My point is that this illiberal tendency within feminism exists and Farrelly is only an agent of it. Perhaps you are a liberal manifestation of feminism. It is unproductive to dismiss Farrelly so easily, given the popularity of the illiberal view. On top of that, Farrelly, after all, writes for an influential mainstream newspaper in Australia. Whatever right you claim, it is claimable by Farrelly as well. It is both a strength and a weakness of diversity within feminism.
After all that, I think since both of us disagree with the ban, I feel there is little to discuss. Indeed, I think there is little room for harsh words. The unkind words scented with personal attack early in your letter are quite unnecessary. Disagreement can be addressed in a civil manner.
Now that the issue of burqa is out of the way, there is one last order of business. It involves reverse discrimination – or positive discrimination or affirmative action, depending which term one prefers – for women. I have made my position clear earlier and my opposition is largely due to my concern for tokenism. For your benefit, allow me to provide a brief explanation with the hope that this disagreement will evaporate in my favor.
If any woman, and indeed, anybody, suffers from endowment effect that necessarily means that she or he does not start at the same starting line and indeed behind, they need to be empowered through skills. Train them. Educate them. A more refined approach is required to address historical accident.
Merely putting them in a position because of affirmative action is counterproductive. Such tokenism will adversely affect society through incompetence, disfranchise the capable and ultimately create unfair generalization of women as a whole.
Reverse discrimination in this manner is what referred to when I wrote beyond tokenism. I despise sentences that go “[a]nd what is this fear of the demands that women may make beyond tokenism that you speak of? A dystopian future of emasculated men?” It is clearly out of context. But I guess, effective rhetoric demands so. It is the cherry on top I suppose.
Let merit be the major determination of who holds what. If women everywhere are more capable than any man anywhere is, then let all positions be dominated by women. I have no problem with that. What I have problem is tokenism brought upon by reverse discrimination.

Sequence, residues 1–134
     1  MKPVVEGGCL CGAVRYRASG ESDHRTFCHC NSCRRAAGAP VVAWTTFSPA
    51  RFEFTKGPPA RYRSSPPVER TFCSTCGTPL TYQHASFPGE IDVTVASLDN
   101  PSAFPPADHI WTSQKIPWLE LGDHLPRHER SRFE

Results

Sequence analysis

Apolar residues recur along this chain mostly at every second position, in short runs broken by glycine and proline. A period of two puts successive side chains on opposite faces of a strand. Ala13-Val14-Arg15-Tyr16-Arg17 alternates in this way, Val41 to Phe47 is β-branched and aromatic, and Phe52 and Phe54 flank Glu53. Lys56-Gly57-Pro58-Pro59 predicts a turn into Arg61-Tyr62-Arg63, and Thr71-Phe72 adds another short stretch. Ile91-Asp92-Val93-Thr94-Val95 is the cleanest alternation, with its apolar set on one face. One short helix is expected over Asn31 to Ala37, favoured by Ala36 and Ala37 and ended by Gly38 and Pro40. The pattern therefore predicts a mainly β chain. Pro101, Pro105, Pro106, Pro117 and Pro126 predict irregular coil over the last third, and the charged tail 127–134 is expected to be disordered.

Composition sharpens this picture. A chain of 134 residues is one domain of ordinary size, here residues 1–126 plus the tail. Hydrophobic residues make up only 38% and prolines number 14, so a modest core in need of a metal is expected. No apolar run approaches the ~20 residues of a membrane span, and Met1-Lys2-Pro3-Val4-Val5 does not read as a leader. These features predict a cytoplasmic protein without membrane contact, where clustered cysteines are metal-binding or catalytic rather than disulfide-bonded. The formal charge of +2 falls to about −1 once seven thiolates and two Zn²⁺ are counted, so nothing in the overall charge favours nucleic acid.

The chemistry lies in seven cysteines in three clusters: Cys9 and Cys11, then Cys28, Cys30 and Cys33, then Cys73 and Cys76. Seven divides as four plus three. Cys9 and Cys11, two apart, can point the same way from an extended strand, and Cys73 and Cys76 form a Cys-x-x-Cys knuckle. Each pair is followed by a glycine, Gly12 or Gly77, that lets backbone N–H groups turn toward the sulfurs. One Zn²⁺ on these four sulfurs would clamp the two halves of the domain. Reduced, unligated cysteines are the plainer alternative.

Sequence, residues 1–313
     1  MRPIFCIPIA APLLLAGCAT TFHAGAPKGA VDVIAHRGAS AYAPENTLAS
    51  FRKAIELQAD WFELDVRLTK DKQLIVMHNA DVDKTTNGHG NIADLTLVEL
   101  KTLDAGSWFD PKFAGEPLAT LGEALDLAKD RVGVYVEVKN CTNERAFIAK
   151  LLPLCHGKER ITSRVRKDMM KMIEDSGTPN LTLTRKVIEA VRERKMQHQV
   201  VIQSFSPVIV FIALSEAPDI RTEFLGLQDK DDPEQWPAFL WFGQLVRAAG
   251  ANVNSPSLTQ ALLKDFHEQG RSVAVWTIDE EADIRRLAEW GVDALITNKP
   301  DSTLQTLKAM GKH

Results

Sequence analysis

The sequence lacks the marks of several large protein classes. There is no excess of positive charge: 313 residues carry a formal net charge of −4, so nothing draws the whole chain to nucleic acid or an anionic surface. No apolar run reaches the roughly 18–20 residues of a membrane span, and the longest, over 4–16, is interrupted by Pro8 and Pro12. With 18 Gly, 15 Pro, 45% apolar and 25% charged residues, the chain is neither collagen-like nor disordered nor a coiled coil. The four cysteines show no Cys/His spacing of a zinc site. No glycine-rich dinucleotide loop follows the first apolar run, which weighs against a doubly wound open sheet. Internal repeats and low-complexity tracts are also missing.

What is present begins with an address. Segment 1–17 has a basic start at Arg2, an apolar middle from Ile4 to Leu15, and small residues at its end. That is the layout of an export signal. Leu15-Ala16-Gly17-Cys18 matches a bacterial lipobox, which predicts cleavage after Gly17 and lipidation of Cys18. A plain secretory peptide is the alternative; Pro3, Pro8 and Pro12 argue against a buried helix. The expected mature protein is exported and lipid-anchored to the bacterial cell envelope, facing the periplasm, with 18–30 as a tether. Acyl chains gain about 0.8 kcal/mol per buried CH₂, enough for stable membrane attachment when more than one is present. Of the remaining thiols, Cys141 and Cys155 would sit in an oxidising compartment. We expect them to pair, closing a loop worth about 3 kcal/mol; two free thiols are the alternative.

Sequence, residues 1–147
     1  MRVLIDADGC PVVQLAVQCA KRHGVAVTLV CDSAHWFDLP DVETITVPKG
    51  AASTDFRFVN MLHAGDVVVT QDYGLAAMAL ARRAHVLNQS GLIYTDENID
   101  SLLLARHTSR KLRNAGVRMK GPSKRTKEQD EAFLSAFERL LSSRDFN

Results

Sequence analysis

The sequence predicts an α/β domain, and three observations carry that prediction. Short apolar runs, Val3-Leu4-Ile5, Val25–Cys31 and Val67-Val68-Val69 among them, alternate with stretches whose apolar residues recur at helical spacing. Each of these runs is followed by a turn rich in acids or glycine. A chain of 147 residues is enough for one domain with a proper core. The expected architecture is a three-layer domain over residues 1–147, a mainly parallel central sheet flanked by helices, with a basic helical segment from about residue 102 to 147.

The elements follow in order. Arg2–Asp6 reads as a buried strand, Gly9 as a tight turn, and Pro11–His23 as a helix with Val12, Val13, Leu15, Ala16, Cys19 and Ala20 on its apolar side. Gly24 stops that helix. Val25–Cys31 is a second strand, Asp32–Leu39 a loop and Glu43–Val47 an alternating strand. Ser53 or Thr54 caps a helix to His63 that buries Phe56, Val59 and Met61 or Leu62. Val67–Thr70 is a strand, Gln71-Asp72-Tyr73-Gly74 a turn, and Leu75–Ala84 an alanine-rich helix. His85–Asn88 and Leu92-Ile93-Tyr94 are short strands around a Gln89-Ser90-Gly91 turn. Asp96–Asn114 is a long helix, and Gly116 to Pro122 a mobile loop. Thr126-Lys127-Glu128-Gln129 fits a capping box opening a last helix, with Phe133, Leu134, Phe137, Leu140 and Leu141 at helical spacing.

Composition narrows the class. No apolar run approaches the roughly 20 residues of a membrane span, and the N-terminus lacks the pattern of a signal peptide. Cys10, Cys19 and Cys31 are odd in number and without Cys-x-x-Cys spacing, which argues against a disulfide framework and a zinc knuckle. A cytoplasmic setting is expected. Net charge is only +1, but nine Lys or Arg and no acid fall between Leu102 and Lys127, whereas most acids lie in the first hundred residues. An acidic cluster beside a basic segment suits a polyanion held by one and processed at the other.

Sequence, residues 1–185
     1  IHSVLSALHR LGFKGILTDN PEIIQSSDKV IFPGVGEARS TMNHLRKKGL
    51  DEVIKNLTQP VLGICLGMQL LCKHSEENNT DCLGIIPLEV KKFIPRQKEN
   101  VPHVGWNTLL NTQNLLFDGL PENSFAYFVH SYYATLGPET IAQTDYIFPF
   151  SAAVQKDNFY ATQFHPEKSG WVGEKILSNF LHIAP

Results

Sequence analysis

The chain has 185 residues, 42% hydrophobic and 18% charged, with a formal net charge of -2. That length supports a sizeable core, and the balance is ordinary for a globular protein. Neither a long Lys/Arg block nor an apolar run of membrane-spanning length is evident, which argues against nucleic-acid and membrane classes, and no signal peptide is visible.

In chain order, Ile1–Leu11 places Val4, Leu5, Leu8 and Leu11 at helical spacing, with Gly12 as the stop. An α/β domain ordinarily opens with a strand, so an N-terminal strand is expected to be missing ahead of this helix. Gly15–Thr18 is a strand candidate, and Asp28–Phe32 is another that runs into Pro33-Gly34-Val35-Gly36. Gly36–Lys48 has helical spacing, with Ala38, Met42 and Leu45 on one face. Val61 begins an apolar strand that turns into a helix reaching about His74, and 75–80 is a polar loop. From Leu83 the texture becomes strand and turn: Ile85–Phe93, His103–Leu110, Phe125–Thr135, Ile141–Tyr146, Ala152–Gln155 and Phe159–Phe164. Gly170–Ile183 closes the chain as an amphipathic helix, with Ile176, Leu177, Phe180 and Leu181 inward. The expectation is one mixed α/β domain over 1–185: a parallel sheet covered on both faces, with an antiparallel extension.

If a capable woman is prevented from rightly reaching the top due to male chauvinists, then by all mean prosecute the chauvinists under some anti-discrimination laws. If a man is prevented from rightly reaching the top because of some tokenistic system, then you can see me actively dismantling that system. Equal representation is one that demands equality of outcome. As a libertarian, all I want is equality of negative individual rights. I want equality of opportunity as radiated from equal rights.
Oh, just because I do not believe in affirmative action for women does not mean that I have underdeveloped thoughts about gender discrimination. If you supposedly have developed advanced thoughts on the matter, then do share. I would very much like to find out how your argument will be different to those I have listened in the past, either in terms of gender, ethnicity or even business.
Until then, if you demand equality of outcome, then I am proud not to sit on the same side as you. I have raised my voice against demands for equality of outcome in terms of race and ethnicity. I will be a hypocrite if I do not raise my voice against equality of outcome in terms of gender. Merit is the only fair result to an outcome in most, if not all, situations.
With that, I believe I have my say for now.
Thank you for your letter. It gives me an opportunity to clarify my earlier thoughts with measured fashion.
 — Show me authoritarian feminism, and I’ll show you some poorly researched tosh: A letter to Mohd Hafiz Noor Shams. Alicia Izharuddin. Cycads. May 17 2010